Teaching Physics with the Physics Suite Edward F. Redish Problems Sorted by Type | Problems Sorted by Subject | Problems Sorted by Chapter in UP

Oscillating Spring Video

In this problem, you will use the program Logger ProTM to analyze motion. The instructions for using this program are given in the instructions document. We strongly recommend that you download and print this document for reference while doing this problem. You can find Logger Pro on any Mac in a campus computer lab, or you can download the 30-day trial version here.

The video that you can download here (right-click the link and save) shows a mass attached to a spring bouncing up and down. By analyzing the video, we want to figure out the equilibrium length of the hanging spring when there is no mass attached to it. The spring constant of the spring is 3.1 N/m and the mass hanging from the spring is 50 g.

A) Use Logger Pro to graph the spring length vs time. See the instruction document for details on how to do this. (Hint: carefully consider where you want to place to coordinate axes and what point on the spring or mass you want to track in order to come up with a graph of spring length vs time). A pre-setup Logger Pro file is available here.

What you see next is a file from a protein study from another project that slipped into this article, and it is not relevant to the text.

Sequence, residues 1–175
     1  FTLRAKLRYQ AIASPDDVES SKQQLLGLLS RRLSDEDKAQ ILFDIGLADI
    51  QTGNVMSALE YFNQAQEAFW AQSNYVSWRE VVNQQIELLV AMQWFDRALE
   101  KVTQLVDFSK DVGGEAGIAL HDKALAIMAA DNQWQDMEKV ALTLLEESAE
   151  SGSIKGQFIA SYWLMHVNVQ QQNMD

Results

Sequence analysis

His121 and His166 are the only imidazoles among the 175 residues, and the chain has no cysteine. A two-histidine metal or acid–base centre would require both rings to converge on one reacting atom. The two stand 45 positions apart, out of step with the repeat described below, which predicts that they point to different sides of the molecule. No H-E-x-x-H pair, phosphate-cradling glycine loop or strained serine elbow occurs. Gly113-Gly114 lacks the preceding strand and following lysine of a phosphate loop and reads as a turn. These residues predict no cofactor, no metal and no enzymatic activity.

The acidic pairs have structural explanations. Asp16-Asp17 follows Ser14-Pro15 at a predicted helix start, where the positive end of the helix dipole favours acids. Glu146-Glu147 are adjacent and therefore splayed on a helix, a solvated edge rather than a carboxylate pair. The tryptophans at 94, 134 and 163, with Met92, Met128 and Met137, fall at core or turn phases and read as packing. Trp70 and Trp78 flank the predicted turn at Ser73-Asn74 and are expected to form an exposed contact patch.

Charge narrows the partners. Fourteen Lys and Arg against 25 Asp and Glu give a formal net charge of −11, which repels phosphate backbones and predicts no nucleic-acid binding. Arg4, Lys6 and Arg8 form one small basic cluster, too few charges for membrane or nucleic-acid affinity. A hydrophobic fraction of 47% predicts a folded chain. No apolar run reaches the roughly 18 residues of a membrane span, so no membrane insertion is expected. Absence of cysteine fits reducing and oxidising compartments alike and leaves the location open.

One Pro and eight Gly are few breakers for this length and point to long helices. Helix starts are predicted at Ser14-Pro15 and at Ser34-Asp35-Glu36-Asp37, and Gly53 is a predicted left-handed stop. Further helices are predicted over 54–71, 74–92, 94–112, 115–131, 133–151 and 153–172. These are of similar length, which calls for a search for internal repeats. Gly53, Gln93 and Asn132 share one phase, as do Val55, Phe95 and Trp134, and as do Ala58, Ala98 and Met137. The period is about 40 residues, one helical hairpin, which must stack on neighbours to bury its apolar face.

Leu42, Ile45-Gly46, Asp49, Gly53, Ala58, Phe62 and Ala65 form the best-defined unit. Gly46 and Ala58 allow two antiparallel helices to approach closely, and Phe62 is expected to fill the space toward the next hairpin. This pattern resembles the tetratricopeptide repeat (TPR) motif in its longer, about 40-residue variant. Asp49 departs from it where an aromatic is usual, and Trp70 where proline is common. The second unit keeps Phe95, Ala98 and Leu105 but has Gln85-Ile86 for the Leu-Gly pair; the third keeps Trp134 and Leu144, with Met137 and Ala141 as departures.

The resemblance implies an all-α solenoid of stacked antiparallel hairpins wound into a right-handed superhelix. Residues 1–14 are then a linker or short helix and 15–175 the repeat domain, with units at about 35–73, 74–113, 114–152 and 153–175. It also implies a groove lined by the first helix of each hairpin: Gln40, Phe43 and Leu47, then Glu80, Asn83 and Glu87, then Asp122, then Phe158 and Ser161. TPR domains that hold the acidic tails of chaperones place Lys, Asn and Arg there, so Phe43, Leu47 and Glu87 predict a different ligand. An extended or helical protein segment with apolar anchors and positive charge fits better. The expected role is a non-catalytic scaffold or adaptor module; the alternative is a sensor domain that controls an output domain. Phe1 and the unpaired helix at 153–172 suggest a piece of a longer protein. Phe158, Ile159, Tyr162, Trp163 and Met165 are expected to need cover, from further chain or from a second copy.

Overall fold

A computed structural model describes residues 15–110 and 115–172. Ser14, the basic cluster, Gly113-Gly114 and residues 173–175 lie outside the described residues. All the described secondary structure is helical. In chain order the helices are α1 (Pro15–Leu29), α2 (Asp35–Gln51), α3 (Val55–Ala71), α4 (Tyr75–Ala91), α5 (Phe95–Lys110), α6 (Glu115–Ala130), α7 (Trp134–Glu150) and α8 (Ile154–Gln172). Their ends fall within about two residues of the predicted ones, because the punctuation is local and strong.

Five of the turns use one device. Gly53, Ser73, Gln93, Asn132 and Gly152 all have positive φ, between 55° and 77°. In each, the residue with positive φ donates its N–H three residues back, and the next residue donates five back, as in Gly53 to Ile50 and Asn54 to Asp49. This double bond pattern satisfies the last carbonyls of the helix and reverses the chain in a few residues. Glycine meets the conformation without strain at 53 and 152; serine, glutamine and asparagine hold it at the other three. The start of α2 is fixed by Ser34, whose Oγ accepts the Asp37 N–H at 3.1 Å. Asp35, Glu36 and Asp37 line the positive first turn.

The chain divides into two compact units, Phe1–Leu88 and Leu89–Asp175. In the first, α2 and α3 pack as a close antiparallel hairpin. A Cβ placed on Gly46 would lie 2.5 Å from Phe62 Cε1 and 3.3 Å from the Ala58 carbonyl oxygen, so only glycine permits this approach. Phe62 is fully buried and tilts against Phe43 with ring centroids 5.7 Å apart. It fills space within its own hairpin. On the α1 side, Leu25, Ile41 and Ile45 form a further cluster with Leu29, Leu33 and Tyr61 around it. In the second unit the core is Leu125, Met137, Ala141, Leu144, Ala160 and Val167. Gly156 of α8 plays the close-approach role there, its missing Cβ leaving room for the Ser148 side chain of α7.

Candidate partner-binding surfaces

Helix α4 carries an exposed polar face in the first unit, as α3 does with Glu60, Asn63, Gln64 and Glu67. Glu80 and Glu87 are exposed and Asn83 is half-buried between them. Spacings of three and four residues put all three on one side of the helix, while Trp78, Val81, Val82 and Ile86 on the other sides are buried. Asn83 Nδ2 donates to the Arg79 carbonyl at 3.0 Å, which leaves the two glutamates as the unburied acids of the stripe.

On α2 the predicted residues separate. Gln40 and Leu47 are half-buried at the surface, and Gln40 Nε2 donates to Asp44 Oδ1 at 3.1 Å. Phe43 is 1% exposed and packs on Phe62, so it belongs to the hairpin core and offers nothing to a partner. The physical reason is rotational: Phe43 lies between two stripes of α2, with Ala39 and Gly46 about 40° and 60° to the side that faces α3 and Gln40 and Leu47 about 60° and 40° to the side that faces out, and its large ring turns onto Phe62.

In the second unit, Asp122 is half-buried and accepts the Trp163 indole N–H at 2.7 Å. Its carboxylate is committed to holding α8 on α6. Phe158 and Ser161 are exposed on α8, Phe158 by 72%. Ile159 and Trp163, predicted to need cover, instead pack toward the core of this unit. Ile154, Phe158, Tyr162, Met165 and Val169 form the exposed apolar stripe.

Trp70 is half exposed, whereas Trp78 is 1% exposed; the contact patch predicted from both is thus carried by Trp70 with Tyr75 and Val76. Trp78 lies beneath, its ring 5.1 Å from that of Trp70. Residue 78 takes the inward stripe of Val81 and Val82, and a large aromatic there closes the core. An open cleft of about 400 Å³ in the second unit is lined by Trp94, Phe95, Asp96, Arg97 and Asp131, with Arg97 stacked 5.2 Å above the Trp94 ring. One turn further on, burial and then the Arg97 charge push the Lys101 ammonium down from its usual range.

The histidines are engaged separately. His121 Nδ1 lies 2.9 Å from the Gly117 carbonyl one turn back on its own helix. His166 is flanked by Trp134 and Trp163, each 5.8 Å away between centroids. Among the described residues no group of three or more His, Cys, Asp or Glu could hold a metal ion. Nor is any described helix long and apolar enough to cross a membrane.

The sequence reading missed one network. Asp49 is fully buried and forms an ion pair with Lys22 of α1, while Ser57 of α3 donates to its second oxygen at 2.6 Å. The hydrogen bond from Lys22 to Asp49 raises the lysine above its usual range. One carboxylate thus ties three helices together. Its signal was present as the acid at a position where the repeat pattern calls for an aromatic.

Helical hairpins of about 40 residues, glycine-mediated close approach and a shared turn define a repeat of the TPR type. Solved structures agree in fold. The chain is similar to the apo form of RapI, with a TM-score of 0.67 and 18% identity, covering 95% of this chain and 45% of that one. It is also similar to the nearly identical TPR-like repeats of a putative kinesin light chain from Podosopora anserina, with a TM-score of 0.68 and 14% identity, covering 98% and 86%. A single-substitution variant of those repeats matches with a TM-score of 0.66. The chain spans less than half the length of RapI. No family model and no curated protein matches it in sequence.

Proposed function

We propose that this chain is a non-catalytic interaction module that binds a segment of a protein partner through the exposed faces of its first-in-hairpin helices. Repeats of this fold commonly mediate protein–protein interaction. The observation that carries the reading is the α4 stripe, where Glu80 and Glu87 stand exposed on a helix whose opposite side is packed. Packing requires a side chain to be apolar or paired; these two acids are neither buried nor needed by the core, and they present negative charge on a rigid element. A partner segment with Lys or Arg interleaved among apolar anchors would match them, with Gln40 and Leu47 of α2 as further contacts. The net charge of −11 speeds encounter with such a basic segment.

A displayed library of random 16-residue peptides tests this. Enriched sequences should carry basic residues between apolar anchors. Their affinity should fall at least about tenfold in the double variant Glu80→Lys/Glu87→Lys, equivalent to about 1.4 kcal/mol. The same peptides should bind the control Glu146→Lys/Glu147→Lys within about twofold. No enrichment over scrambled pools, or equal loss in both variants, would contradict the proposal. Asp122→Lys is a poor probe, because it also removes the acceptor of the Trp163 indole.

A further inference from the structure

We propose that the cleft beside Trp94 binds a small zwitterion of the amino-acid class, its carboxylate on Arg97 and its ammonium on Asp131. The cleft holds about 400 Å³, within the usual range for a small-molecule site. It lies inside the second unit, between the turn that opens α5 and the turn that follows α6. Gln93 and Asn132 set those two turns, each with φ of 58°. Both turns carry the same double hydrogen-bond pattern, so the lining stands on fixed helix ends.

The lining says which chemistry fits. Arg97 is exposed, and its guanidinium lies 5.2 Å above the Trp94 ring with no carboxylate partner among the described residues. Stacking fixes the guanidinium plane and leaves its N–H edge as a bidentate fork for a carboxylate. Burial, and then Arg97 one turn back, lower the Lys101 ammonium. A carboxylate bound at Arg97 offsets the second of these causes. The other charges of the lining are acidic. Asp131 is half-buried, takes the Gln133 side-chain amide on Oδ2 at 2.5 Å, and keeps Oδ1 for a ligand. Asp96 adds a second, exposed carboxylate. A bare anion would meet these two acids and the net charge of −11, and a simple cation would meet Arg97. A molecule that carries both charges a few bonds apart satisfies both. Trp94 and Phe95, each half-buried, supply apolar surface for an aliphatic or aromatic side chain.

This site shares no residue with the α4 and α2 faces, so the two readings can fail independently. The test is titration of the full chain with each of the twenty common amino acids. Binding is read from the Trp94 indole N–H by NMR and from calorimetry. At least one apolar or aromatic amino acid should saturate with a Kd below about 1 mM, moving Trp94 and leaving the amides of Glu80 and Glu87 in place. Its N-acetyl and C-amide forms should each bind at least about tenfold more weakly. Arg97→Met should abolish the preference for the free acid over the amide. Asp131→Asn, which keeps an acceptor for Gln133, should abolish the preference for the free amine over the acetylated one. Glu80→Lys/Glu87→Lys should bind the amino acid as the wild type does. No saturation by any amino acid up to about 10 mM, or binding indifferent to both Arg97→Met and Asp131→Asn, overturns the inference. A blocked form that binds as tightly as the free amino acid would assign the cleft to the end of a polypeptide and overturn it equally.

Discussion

B) Sketch the graphs of

• vertical velocity of the mass vs time
• vertical acceleration of the mass vs time

You can use Logger Pro to check your graphs, but you must say how you would use the position vs time graph and your knowledge about the motion of the spring and mass to make your graphs.

C) Using the graph of spring length vs time, find the equilibrium length of the spring with the mass attached (i.e. how long will the spring be when the mass attached and is not moving).

• If you want to know the maximum value, minimum value, mean, or median of a section of a graph, you can use the "statistics" feature in Logger Pro
• To do this, first highlight the section of the graph you want to know the statistics of.
• Go up to the "Analyze" menu and choose "Statistics." A box will appear with the statistics

D) What is the equilibrium length of the hanging spring when there is no mass attached?

Problem by Eric Kuo

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